Split-face conditions on the lower and upper quadrants of a stormwater tunnel alignment prompted a Colorado public works department to specify tunneling, which could save the department $750,000 to $1 million. Photos: CTL|Thompson
Although more labor intensive than tunneling, a slide-rail trenching system kept the Fort Collins, Colo., stormwater-pipeline project within its $35 million budget.

Six times over the past 70 years, storms have ravaged the 5-square-mile area of west-central Fort Collins, Colo.

In 1997, floodwaters were deep enough for college students to kayak down the main road, causing hundreds of millions of dollars in damage and killing five people.

The city pledged in 2001 to supplement its existing stormwater control system with a $35 million system of detention ponds, conveyance canals, and pipelines. The project hit a snag, however, when the utilities department realized one 102-inch reinforced concrete pipeline would run through a residential area that already hosts numerous underground utilities.

Using an alternate product-delivery management system, the department convened a team of civil engineers, geotechnical consultants, and construction contractors to collectively evaluate detention and conveyance alternatives.

The team determined that the best route was through the neighborhood. But it was risky: Without adequately shoring the excavation, open-cutting could undermine the foundations of two multifamily structures in the pathway. Furthermore, contractors would encounter saturated soils including clays, caving sand, and gravel at a depth of 35 feet.

“We exceeded a depth that even a triple-stacked trench box couldn't handle,” says Andrea Faucett, manager of municipal engineering for Ayres Associates, the lead engineering firm.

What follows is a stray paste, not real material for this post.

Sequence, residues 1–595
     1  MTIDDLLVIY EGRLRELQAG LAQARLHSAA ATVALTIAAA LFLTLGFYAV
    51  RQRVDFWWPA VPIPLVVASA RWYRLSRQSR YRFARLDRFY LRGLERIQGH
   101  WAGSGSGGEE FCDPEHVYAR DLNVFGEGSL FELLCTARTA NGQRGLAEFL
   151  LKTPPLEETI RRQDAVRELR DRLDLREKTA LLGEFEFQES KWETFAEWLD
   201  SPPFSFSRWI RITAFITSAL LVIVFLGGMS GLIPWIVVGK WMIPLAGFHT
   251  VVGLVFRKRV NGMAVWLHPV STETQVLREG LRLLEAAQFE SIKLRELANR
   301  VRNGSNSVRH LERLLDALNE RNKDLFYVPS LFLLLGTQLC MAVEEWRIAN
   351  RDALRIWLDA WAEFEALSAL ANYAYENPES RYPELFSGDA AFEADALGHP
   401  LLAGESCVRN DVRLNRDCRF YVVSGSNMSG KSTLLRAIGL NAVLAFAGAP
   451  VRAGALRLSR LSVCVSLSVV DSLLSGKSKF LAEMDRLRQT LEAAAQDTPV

Geotechnical consultants CTL|Thompson Inc. excavated test pits and drilled numerous borings to evaluate soil, bedrock, and groundwater conditions. Based on the results, the design team decided open-cutting was possible. Residents, however, were less than thrilled with the idea. They didn't want the area torn up for six to eight weeks and have to park half a block from home in the interim.

The other viable option was a $1.5 million micro-tunneling system. But it was more than twice the cost of open-cutting.

A resolution came with the discovery of the slide rail system, a little-used dynamic trench box that allowed the contractor to open-cut through the neighborhood for roughly $500,000.

Issues like impact on the community, parking, and traffic can halt projects. To keep from setting off a flurry of complaints, managers reached out to the residents at community meetings, discussing the project and explaining what to expect, before announcing their decision.

They'd learned the importance of public buy-in when a stormwater drain had to be placed in the city's historic downtown area. Open-cutting would have disrupted the pedestrian-heavy area, which was also adjacent to a heavily trafficked state highway. It was sure to cause an uproar. Managers specified a jack-and-bore with hand mining instead.

“Put all these factors on the table, and work it through with your design and construction team early on to avoid any complications,” says Chris Knott, project manager and estimator for specialty contractor BTrenchless.

The neighbors were comfortable with the project, which proceeded on schedule.

—Dornfest ( is a certified professional geologist who serves as the geotechnical department manager and senior engineering geologist in the Fort Collins, Colo., office of CTL|Thompson Inc.

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For an overview of trenchless options, visit here.